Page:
The Cooperstown Chronicles: Baseball's Colorful Characters, Unusual Lives, and Strange Demises, expands on the basic premise of his website [] by presenting short, typically one- to- five- page, biographies of players from the late nineteenth century to the present time. Rather than focusing on the players' individual accomplishments on the diamond, Russo situates the players within their historical context and attempts to reveal their personalities, problems, and life after baseball. Casual baseball fans will immediately recognize some of the players, such as Ty Cobb, Don Drysdale, Lefty Grove, and Casey Stengel . . .One of the strengths of Russo's work is his encyclopedic knowledge of all eras of baseball; another is his particular interest in players from the deadball era (prior to 1920). . . .Cooperstown Chronicles: Baseball's Colorful Characters, Unusual Lives, and Strange Demises is an informative, indeed entertaining volume that introduces the reader to the lives of baseball players, most of whom have been forgotten. The totality of the biographies reveals how baseball and players have changed and how the context has evolved.-- "Journal of Sport History"
Frank Russo takes us where few dare to tread--and the result is fascinating.--Marty Appel, author of Pinstripe Empire: The New York Yankees from Before the Babe to After the Boss
A labor of love, a mighty lode of fascinating anecdotes about all things baseball. Frank Russo has hit a grand slam home run. Most notable.--Harvey Frommer, sports historian, journalist, and author of Remembering Yankee Stadium
No one knows baseball life--and death--as well as Frank Russo. From home plate to final resting place, The Cooperstown Chronicles delivers fascinating stories, from the game's greatest stars like Ty Cobb to cup-of-coffee player Brian Traxler, who was beloved by fans for his gregarious approach to the game. Discover how players lived and died in this fast-paced informative work.--Kevin Kernan, sports journalist for 44 years, the last 23 with the New York Post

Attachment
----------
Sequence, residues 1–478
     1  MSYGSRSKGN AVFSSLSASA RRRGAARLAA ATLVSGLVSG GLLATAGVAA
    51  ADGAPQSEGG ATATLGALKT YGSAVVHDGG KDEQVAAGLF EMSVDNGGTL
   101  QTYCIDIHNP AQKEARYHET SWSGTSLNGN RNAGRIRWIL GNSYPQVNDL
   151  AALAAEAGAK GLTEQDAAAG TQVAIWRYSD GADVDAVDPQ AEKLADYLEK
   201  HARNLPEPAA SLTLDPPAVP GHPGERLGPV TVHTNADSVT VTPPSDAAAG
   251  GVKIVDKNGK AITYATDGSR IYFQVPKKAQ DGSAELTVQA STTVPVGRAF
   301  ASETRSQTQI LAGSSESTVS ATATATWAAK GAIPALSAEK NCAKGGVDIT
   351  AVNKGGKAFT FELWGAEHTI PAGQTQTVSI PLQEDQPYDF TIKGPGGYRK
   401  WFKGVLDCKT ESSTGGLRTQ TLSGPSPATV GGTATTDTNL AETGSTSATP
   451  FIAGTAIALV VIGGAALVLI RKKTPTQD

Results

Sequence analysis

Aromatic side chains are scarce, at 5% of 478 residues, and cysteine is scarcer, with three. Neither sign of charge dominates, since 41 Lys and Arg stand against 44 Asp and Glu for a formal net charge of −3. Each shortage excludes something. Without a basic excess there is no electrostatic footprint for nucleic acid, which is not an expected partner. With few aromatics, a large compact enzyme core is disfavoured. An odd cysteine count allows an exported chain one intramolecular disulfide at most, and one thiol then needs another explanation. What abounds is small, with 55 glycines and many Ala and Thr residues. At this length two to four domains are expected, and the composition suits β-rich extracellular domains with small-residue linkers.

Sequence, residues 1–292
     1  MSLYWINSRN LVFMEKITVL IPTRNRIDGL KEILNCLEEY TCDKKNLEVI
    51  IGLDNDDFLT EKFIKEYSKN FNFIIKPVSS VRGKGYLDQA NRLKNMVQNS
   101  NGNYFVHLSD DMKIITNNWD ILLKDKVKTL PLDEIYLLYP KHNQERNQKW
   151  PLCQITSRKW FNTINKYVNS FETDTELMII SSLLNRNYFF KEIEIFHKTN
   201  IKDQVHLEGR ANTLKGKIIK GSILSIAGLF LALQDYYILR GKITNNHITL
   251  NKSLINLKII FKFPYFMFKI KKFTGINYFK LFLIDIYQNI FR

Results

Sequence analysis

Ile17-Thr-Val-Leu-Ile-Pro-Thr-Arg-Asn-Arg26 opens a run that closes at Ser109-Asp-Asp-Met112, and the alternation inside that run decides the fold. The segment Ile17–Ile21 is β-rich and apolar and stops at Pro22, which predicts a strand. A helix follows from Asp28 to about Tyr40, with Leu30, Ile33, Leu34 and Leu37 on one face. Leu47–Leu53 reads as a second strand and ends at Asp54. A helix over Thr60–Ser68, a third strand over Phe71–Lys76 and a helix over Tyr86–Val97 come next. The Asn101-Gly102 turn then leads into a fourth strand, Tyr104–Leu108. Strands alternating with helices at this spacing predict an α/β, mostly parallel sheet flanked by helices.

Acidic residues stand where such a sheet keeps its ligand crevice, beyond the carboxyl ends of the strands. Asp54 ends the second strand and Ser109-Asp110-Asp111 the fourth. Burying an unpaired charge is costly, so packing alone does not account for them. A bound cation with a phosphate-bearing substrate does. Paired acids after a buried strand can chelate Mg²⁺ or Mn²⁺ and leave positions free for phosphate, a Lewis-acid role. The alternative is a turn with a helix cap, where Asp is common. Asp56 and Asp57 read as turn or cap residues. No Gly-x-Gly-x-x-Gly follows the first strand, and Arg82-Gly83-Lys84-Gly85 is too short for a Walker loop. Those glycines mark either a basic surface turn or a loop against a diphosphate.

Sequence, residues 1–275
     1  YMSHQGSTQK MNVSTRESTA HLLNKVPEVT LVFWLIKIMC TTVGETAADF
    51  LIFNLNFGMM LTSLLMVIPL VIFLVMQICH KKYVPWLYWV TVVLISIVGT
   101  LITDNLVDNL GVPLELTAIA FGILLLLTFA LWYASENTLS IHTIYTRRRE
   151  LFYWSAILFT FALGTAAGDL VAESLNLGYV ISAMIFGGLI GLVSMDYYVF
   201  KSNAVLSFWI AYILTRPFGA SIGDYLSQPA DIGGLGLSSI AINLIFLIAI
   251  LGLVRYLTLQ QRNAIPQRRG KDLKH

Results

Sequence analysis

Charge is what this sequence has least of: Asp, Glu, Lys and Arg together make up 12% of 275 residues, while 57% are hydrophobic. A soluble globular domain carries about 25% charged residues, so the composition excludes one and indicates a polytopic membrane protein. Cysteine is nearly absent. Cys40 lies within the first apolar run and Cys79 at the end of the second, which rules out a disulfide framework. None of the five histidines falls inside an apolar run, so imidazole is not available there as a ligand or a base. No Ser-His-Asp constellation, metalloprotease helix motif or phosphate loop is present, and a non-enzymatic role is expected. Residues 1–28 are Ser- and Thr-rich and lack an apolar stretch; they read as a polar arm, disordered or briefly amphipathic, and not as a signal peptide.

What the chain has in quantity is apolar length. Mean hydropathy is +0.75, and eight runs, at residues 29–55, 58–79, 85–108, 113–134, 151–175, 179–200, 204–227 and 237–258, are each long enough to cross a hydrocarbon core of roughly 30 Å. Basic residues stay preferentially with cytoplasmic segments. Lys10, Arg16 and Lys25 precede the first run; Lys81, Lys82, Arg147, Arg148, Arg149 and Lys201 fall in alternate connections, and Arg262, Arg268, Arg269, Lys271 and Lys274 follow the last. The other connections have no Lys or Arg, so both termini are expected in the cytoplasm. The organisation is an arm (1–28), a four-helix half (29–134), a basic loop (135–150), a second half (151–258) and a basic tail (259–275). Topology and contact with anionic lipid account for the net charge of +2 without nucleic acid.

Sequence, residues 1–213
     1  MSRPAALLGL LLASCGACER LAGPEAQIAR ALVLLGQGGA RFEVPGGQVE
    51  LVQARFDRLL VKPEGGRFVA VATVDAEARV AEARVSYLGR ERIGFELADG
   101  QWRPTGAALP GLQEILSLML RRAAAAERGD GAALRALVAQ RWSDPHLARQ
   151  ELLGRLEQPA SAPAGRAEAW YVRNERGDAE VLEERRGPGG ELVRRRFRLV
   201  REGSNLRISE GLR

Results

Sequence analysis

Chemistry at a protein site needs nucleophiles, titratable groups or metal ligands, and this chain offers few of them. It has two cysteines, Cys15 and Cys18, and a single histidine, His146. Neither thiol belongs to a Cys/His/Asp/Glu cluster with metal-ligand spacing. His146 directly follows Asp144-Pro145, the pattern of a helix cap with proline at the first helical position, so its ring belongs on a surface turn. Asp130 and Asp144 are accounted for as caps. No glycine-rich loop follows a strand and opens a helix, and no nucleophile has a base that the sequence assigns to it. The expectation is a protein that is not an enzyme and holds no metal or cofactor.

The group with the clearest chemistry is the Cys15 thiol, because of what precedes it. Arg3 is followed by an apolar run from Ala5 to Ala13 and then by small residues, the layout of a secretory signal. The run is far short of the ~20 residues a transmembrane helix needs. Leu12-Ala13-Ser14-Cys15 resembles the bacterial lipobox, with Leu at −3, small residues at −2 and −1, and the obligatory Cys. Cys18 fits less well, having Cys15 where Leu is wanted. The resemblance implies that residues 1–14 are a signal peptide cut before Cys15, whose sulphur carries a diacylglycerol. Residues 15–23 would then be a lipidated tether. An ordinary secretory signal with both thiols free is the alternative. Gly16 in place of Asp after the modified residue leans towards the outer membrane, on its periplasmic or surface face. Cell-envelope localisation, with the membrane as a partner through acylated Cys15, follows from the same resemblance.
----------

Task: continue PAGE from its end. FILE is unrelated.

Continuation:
Once again, Frank Russo employs his unique style of writing to tell the story of many of baseball's luminaries. We all know Ruth, Gehrig, Mantle and Seaver, but what about "Turkey Mike" Donlin or Rabbit Maranville? Some may think outlining how various ballplayers passed from this world is morbid; however, I see Frank as honoring our National Pastime. In an era where baseball has become more about hard cold numbers, it's nice to see a book that focuses on what the game is really about: people and the stories behind the numbers on the back of the baseball card. This is a must-read for anyone who is a fan of the game.--Mike Silva, New York radio personality